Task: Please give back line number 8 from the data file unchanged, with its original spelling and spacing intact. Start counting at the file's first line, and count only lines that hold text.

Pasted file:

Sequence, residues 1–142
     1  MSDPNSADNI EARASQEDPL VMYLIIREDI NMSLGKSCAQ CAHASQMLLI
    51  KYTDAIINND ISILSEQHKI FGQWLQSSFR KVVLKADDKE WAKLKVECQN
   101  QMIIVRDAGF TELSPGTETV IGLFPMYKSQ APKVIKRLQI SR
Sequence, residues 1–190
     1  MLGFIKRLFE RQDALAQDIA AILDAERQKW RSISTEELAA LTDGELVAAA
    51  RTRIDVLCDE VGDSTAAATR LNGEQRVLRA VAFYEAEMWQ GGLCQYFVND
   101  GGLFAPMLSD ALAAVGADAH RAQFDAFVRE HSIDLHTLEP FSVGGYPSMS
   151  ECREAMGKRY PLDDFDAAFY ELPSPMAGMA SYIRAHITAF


   101  GGLFAPMLSD ALAAVGADAH RAQFDAFVRE HSIDLHTLEP FSVGGYPSMS